Likud MK Avraham Neguise, the only MK from Ethiopia currently in the Knesset, is still waiting for an invitation from Prime Minister Benjamin Netanyahu to join him in two weeks on his trip to Africa, including a two-day visit to Ethiopia.
“No one has yet asked me,” Neguise, who is the chairman of the Knesset’s Caucus for Israel-Africa Relations, told The Jerusalem Post on Tuesday.
“I would be happy to go, it would be an honor for me, and I think it would bring honor to Israel,” he said. “It would be an important message to Africa and the world about Israel. I came here, got equal opportunity, and am now a legislator. This is the answer to those who say Zionism is racism, that Israel is apartheid. This is the answer to BDS.”
Neguise, who emigrated in 1985, said he hopes that the reason he has not yet been invited does not have to do with the mini coalition crisis he sparked in the spring along with fellow Likud MK David Amsalem when they refused to vote with the coalition and deprive it of its one-seat majority because the government reneged on a commitment to bring the remaining 9,000 immigrant applicants waiting in Ethiopia to Israel.
“The visit to Africa is a national interest, the other is a parliamentary issue,” Neguise said. “I was sent [to the Knesset] by the public to help [on issues important to them]. I did this because immigration is one of the highest values of the Likud, and also to prevent the suffering of the families.”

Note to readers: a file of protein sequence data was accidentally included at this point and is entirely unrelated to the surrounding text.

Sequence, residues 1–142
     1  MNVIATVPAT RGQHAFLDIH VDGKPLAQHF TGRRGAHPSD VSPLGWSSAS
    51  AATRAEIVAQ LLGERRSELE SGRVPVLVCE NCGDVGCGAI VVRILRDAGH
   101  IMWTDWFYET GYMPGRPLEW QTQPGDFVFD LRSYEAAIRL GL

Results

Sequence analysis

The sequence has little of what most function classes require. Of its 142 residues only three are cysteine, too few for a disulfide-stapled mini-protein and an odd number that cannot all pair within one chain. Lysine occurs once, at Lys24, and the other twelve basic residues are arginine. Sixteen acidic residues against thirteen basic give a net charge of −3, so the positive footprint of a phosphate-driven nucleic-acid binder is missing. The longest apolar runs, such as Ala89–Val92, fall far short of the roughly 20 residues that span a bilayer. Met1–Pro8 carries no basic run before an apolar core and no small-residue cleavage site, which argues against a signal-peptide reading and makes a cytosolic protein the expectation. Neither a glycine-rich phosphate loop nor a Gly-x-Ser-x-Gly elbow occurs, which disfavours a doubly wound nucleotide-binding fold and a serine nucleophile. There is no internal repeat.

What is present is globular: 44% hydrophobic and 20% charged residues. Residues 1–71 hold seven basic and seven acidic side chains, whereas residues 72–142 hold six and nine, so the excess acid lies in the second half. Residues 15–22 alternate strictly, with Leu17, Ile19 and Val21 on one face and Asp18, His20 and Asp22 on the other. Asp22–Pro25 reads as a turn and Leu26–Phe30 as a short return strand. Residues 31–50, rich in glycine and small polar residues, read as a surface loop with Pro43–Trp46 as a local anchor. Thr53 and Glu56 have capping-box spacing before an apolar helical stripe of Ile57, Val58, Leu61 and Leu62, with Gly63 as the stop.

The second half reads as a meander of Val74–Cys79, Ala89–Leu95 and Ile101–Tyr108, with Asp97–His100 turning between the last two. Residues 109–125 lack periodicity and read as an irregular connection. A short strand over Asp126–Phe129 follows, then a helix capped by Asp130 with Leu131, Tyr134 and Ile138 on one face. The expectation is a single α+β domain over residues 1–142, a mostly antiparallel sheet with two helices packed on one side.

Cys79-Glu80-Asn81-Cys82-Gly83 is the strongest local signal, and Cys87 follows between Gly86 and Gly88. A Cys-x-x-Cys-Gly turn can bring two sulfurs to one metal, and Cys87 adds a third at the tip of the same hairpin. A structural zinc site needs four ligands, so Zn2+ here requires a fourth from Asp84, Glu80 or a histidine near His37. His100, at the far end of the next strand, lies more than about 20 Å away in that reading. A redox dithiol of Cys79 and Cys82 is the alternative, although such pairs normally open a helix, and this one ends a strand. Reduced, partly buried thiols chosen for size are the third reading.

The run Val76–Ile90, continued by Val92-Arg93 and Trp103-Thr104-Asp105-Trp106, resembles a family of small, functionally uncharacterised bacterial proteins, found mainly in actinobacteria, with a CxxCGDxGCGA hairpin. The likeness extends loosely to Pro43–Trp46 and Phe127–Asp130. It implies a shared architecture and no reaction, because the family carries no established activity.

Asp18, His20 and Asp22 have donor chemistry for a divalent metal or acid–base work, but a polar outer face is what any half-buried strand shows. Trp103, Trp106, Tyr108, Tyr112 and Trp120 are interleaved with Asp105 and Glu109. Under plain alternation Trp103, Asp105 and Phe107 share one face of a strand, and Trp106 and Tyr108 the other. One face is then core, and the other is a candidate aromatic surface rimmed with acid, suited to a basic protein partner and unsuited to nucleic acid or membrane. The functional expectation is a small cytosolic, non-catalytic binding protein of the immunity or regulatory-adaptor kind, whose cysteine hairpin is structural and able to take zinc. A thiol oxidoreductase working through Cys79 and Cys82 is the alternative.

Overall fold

Neguise was referring to members of the Ethiopian community here waiting to be reunited with family members from Ethiopia.
An official in the PMO, asked whether Neguise would be invited to join the prime minister, said that the list of who will be accompanying Netanyahu has still not yet been finalized.
Neguise said he was confident he will still be asked to join the trip.
Netanyahu is scheduled to go to Uganda on July 4th to mark 40 years to the day of the Entebbe raid. A ceremony will be held at the airport, and will include a number of those who were held hostage there in 1976, as well as the IDF commandos who rescued them.
From there Netanyahu will proceed to Kenya, Rwanda and Ethiopia, where he will spend two nights. He will return to Israel on July 8. This will be the first visit by a sitting prime minister to Sub-Saharan Africa since Yitzhak Shamir visited five countries in West Africa in 1987.
Neguise said that the government would be wise if it used members of the Ethiopian Jewish community in Israel to build the relationship with Africa.
For Ethiopian Israelis, he said, the visit of the prime minister to Ethiopia is a “closing of the circle,” and a source of pride to younger Israelis of Ethiopian descent that the country of their parents’ birth was important enough to merit a prime ministerial visit.
“It gives the younger generation motivation to invest there, which some are already doing,” he said.
Neguise said that Israeli companies doing business there should employ Ethiopian Israelis who know the language and the culture, and could help them maneuver the business culture in the country.
According to Neguise, Netanyahu’s visit has much more than purely symbolic significance, and it will surely open the doors for Israeli businesses to set up shop on the continent.
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